10 November 2011 4:06 PM, PST | The Guardian - Film News | See recent The Guardian - Film News news »

Charlie Chaplin's City Lights and its live score opened Dan Pritzker's eyes to the possibilities of silent movies. But was choosing Louis Armstrong as his subject a step too far?

I was working on a screenplay about Buddy Bolden, "inventor" of jazz, when I went to a screening of the classic Chaplin silent film City Lights. Dimly lit beneath the silver screen was the Chicago Symphony Orchestra playing the score live. I'd never seen anything like it. By the time the Little Tramp restored the Blind Girl's sight, I had decided to write another film, a silent one about jazz that would be stylistically like films of the Chaplin era.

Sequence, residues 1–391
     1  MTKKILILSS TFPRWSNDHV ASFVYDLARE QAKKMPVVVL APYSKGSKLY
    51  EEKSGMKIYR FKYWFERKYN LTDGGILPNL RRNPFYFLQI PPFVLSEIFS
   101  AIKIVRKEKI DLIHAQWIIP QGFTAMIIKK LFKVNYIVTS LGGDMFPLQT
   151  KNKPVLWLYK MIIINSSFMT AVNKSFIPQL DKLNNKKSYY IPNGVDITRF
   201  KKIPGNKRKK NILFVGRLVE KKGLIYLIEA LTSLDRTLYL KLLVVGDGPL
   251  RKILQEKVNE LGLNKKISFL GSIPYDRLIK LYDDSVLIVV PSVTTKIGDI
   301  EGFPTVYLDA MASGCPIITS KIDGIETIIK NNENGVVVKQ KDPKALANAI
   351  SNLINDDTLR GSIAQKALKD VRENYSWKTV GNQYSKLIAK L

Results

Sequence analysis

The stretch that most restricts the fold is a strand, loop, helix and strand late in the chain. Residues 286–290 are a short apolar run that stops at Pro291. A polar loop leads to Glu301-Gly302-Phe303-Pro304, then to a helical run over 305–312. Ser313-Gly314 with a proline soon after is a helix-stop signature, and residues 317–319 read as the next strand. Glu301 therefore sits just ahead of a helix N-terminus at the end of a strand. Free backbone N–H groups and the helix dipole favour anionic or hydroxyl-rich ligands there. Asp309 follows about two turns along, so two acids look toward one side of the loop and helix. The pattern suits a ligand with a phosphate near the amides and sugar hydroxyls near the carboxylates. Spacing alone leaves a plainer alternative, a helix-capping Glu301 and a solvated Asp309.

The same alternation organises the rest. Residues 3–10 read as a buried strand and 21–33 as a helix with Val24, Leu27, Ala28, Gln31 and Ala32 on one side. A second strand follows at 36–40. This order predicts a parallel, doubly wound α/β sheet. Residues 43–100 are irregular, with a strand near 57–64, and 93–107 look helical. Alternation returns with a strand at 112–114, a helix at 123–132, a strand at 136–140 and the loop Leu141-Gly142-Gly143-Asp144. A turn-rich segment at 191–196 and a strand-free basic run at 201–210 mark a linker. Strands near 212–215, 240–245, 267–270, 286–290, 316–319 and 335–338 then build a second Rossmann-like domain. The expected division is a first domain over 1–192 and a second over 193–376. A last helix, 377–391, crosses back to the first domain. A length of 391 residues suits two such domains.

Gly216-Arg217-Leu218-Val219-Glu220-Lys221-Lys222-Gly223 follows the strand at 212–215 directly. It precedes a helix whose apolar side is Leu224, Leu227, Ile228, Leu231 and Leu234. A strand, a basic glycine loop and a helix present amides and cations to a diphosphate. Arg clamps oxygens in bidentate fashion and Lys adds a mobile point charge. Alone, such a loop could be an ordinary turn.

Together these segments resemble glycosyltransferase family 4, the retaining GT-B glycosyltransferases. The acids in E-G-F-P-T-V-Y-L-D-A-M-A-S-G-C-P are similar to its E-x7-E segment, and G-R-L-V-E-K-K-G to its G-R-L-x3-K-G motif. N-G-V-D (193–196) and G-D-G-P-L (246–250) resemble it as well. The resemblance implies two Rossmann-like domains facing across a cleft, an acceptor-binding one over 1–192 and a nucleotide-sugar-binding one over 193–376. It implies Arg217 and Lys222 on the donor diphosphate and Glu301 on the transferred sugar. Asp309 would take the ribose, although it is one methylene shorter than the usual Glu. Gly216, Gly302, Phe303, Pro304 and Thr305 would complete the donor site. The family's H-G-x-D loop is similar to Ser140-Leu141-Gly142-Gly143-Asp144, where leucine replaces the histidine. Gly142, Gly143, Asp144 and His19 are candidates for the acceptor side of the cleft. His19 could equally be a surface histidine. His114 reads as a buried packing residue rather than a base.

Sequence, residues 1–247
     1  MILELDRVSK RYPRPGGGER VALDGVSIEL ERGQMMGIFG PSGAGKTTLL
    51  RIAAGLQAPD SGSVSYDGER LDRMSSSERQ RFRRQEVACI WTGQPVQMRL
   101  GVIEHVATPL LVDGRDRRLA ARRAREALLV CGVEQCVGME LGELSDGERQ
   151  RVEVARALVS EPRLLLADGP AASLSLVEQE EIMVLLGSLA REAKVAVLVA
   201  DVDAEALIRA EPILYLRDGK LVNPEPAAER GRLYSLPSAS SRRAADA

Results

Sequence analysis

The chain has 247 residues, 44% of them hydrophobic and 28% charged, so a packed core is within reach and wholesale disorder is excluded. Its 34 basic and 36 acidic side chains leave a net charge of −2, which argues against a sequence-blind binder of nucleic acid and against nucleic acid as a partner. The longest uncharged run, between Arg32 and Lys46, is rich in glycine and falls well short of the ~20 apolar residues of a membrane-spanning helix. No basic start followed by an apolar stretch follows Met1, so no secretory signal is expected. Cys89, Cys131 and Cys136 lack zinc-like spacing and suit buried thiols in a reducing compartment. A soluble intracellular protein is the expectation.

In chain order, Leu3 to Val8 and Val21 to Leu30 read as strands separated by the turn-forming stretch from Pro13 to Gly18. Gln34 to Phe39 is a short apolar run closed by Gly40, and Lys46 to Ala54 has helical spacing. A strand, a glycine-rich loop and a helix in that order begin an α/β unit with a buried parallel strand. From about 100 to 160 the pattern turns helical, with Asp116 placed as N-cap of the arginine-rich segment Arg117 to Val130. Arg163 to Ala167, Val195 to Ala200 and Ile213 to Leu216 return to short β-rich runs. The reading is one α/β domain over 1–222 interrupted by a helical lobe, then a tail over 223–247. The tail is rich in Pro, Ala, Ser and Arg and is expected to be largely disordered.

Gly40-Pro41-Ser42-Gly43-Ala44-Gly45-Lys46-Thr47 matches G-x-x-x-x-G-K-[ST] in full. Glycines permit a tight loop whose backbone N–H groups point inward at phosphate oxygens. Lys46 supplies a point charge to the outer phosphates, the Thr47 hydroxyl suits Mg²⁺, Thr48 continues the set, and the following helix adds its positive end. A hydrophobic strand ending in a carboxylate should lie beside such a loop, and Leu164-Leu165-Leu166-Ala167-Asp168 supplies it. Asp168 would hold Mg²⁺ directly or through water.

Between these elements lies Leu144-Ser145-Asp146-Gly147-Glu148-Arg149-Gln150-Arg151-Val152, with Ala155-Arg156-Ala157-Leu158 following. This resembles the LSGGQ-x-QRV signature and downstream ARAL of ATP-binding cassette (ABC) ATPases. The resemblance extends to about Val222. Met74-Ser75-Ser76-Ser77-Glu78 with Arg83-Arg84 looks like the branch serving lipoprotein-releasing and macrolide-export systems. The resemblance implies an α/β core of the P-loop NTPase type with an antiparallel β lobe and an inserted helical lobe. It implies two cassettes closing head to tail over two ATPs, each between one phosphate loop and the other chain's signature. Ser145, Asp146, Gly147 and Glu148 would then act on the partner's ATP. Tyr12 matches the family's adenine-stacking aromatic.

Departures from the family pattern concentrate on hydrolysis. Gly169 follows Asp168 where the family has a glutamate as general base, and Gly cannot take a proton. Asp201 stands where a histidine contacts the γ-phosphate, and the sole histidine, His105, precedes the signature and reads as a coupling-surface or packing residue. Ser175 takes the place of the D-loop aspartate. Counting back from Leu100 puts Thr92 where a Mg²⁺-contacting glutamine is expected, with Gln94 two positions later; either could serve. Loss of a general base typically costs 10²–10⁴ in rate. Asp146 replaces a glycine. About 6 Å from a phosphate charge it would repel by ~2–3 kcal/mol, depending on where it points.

Bolden's career ended in 1907, when he was committed to an asylum. The concept of there having been an "inventor" of jazz seemed far fetched. Jazz, I figured, developed incrementally, over time. But what if there really was such a person? »

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